Wikivoyage:Travellers' pub

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The Travellers' Pub is the place to ask questions when you're confused, lost, afraid, tired, annoyed, thoughtful, or helpful. To start a new topic, click the "Add topic" tab, so that it gets added at the bottom of the page, and sign your post by appending four tildes (~~~~)

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Experienced users: Please sweep the pub

Keeping the pub clean is a group effort. If we have too many conversations on this page, it gets too noisy and hard to read. If you see an old conversation (i.e. a month dormant) that could be moved to a talk page, please do so, and add "{{swept}}" there, to note that it has been swept in from the pub. Try to place it on the discussion page roughly in chronological order.
  • A question regarding a destination article should be swept to the article discussion page.
  • A discussion regarding a policy or the subject of an expedition can be swept to the policy or expedition discussion page.
  • A simple question asked by a user can be swept to that user's talk page, but consider if the documentation needs a quick update to make it clearer for the next user with the same question.
  • A pointer to a discussion going on elsewhere, such as a notice of a star nomination or a request to comment on another talk page, can be removed when it is old. Any discussion that occurred in the pub can be swept to where the main discussion took place.
Any discussions that do not fall into any of these categories, and are not of any special importance for posterity, should be archived to Project:Travellers' pub/Archives and removed from here. If you are not sure where to put a discussion, let it be—better to spend your efforts on those that you do know where to place.
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Mobile mode[edit]

As mentioned above most web interaction is now by smart phone. To get more visitors to this site we need to get the mobile app more useful for users and easier to use. Do we have a forum page to discuss ideas and suggest improvement? If not how should this be structured? Would this be a Wikivoyage Expedition page? Sort of ideas I am thinking about see User:Traveler100/mobile, where should I copy/move this to? I have no idea how the mobile app is managed and who controls it. --Traveler100 (talk) 10:04, 24 December 2016 (UTC)

Is there a Wikivoyage app for android and where can I get it? I think it's OK if this is handled in an expedition page. --Zerabat (talk) 20:39, 22 February 2017 (UTC)
@zerabat: There is this one and a European one from m:Wikimedia CH. —Justin (koavf)TCM 20:53, 22 February 2017 (UTC)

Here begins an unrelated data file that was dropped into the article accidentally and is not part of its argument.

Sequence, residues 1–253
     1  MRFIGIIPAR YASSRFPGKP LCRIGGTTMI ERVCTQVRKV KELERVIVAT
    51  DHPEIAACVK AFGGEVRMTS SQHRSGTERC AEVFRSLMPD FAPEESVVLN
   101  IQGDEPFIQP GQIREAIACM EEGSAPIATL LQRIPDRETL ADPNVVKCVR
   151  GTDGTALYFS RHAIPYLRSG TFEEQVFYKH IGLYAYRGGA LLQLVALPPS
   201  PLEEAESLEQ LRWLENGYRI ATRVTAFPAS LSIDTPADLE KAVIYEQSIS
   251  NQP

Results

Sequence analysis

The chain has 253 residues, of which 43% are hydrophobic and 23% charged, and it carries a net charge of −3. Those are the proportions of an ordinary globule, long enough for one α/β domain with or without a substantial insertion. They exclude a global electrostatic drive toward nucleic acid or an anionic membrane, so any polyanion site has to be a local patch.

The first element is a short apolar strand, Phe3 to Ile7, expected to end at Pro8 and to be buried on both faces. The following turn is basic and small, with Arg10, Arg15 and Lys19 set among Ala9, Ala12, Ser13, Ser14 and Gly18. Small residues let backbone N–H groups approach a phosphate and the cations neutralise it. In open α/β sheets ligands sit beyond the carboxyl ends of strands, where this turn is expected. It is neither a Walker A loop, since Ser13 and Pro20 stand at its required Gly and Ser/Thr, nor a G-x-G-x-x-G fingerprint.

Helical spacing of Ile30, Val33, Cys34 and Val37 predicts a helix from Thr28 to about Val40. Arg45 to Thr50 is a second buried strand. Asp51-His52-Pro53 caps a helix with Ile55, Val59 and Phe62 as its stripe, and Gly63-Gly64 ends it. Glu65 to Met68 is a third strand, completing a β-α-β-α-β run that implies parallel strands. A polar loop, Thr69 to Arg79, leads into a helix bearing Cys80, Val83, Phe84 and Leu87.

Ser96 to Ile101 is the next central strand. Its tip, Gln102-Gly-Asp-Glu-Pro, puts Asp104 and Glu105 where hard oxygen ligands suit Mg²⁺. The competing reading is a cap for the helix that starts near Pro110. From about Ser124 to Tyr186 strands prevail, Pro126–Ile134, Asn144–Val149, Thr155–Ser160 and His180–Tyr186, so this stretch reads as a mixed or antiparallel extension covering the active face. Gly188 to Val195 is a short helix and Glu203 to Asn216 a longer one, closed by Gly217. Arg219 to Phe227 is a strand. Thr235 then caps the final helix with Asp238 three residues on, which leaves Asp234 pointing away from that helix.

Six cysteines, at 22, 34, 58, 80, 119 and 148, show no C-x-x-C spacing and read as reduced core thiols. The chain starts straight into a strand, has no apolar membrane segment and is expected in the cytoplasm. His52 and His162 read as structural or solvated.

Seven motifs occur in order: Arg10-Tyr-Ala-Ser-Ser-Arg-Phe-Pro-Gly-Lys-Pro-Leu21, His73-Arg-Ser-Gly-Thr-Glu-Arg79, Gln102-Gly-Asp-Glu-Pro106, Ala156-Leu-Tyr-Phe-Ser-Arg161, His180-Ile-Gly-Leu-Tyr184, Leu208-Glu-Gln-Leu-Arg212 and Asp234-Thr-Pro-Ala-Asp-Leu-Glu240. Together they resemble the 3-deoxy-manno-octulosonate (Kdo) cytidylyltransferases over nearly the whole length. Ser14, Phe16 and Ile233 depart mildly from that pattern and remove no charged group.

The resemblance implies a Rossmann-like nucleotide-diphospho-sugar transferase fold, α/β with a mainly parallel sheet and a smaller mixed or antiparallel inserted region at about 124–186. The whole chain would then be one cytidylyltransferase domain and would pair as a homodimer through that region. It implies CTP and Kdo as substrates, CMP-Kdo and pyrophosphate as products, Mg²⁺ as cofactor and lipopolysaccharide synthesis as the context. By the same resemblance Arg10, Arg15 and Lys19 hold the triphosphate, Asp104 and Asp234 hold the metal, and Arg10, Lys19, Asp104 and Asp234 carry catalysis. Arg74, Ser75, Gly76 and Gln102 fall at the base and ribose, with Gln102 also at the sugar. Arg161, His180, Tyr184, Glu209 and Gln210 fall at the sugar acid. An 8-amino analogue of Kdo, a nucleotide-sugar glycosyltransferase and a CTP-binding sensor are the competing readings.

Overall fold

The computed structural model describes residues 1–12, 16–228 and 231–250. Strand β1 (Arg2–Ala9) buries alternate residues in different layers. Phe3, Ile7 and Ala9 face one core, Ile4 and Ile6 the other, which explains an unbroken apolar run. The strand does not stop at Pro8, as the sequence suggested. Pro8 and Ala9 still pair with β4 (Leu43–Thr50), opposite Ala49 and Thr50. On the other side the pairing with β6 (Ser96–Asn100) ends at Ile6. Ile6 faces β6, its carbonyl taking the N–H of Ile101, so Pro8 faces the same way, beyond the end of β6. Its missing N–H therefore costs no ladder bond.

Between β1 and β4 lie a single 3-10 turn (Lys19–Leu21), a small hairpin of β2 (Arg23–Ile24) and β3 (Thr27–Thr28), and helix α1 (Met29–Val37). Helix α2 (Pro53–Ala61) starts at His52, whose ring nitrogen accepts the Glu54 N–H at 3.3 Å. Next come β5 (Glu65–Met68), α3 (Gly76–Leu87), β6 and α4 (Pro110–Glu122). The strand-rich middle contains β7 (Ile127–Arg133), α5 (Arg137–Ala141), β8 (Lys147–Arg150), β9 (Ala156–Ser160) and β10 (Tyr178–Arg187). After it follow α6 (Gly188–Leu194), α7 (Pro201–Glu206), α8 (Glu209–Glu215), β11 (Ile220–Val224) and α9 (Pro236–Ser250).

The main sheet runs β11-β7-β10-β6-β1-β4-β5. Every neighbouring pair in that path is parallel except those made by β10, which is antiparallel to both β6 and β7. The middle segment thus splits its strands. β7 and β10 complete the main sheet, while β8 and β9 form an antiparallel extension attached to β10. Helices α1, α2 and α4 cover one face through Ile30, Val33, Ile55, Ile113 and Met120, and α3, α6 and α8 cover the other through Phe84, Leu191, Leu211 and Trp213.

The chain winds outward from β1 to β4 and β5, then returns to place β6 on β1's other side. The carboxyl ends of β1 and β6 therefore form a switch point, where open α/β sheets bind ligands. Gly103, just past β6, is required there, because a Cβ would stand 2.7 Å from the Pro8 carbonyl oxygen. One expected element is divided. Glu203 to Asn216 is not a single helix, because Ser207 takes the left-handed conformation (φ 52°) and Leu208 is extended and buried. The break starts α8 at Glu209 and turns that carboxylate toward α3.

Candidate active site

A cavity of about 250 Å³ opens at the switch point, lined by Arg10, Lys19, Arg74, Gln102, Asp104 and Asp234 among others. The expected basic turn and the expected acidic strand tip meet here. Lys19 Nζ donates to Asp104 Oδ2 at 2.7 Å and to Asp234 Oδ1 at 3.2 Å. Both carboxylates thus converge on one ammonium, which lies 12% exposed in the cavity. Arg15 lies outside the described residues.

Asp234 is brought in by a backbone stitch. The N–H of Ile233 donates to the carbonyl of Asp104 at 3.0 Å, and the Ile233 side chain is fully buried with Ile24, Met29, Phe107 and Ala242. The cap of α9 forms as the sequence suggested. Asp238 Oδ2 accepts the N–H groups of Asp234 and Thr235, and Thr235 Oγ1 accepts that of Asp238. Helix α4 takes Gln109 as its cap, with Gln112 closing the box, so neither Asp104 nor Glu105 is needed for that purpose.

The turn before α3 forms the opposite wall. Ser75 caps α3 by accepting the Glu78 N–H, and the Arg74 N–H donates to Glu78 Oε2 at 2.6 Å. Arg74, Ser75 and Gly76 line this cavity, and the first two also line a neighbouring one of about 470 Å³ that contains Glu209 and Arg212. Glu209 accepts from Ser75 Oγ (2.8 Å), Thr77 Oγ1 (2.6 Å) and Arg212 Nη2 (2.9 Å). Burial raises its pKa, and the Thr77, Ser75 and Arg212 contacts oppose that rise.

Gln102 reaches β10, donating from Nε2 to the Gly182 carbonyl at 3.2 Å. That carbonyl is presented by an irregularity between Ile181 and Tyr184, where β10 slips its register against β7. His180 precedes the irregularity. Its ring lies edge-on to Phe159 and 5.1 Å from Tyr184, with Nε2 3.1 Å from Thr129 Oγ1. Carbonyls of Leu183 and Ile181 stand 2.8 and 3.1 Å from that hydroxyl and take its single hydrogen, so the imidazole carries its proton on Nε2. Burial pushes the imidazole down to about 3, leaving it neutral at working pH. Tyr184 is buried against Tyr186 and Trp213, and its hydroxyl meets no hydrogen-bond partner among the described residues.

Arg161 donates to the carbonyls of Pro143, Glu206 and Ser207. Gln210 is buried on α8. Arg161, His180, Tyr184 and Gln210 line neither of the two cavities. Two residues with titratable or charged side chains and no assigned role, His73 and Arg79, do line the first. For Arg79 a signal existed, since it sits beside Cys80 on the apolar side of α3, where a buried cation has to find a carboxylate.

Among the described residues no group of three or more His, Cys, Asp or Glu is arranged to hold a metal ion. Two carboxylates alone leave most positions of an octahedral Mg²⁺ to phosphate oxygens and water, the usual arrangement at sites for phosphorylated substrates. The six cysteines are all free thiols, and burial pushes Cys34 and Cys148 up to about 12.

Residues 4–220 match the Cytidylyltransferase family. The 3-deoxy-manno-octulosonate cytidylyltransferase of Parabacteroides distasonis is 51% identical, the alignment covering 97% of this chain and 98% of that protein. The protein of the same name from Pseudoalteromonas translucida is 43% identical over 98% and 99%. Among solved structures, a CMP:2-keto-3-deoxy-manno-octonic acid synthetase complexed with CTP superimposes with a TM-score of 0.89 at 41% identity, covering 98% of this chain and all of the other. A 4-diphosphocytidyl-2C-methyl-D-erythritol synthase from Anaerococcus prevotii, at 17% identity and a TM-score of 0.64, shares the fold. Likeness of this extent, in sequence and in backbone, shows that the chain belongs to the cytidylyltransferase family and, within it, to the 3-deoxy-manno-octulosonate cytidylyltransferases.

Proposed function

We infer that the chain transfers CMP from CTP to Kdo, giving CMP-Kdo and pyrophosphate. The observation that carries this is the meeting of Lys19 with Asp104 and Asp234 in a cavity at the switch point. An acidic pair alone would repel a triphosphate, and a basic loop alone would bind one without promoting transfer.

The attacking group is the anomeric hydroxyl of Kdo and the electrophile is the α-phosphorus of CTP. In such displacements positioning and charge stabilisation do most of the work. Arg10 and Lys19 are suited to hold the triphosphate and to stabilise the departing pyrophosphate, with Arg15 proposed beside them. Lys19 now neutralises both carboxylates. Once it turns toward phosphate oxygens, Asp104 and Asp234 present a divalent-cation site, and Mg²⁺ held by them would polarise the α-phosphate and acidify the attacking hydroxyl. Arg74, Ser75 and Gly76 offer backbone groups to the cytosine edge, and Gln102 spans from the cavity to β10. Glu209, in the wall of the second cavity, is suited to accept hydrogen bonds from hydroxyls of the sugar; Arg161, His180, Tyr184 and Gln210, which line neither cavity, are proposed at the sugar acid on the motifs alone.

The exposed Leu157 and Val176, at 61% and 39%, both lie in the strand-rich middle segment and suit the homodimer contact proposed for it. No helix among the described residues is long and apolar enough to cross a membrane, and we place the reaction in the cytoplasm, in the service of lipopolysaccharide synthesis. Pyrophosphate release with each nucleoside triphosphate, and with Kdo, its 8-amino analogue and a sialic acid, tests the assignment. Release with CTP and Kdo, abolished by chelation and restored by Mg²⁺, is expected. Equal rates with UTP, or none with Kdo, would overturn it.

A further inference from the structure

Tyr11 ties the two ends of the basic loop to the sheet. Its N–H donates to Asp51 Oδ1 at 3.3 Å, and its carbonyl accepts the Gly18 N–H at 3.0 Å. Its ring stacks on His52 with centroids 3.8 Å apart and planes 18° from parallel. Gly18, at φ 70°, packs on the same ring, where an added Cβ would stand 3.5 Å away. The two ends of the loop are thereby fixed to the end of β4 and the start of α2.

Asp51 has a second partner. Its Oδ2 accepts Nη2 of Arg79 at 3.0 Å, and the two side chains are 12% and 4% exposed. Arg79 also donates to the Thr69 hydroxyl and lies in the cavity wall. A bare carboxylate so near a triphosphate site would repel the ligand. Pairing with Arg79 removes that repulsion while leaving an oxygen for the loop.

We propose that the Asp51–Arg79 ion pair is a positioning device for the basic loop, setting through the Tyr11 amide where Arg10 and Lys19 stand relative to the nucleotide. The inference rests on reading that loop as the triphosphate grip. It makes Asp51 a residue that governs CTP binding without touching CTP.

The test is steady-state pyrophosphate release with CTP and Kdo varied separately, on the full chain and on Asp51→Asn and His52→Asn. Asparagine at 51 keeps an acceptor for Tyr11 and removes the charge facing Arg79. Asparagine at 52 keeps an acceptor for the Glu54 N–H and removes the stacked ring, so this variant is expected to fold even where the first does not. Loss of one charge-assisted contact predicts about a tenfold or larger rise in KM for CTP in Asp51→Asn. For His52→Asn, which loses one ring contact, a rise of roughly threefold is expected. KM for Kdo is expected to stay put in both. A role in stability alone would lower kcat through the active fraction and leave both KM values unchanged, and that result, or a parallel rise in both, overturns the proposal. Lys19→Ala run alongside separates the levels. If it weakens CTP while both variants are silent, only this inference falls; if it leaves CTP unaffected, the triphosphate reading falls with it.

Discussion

Have a great 2017 - goals and projects for the new year[edit]

So this year is invariably drawing to a close and while we have had some successes here at WV, we are far from finished with anything (no wiki ever truly is). I think the past year has been mostly positive for the community (I neither recall any high profile conflicts nor anybody of note leaving, but I may have overlooked something), although it was not a good year for people interested in travel as a whole. War zones seem to be getting worse, not better, and the calls for ever tighter "security", especially in the context of borders bear ill for the future. Brexit may well mean travel between the UK and the EU becoming more difficult. But at any rate our community here can do nothing about those developments and I hope we can keep discussions as apolitical as possible, even if some users might be able to guess the political biases of some others.

So, let us not further focus on what was in 2016, but rather what we want to do in 2017. I think there are some ongoing projects as well as some new ones to keep us busy starting tomorrow.

  1. Develop at least one of American football, Intercity buses in Germany or rail travel in Germany to be ready to be featured
  2. Continue SEO edits, especially to high profile articles (countries, continent(al section)s, major cities) in order to hopefully draw more eyeballs our way
  3. Reduce the number of bare outlines through mergers, deletions and more content, promoting them if possible to usable
  4. Hopefully do some on the ground research for articles on Nicaragua
  5. If possible do some on the ground research on other destinations as well

At any rate, I hope you have a safe and pleasant New Year's Eve (take a piece of advice from a New York Giants fan: Be careful around fireworks) and a good 2017. I would love to hear your plans on wiki, and if you want to share them off-wiki. Guten Rutsch Hobbitschuster (talk) 15:03, 31 December 2016 (UTC)

@Hobbitschuster: My only big goal is really perfecting Indianapolis and building on all of the hard work that Sarah did and that I have done since. I wish I could have found the time to polish it up as featured for the Indy 500 but it wasn't going to happen with my schedule. I will be more free this year which is exciting. —Justin (koavf)TCM 17:10, 31 December 2016 (UTC)

PDF download, include map and place button centrally[edit]

Dear fellow enthusiasts

I was wondering whether it might be worth a discussion for the future of WikiVoyage to also add maps from the GPS points of a place to the beginning or end of an article when downloading it as PDF, like Lonely Planet and others are doing(?) I know it is possible to download the GPS marker file, however, I believe, not many people are firm with this kind of thing.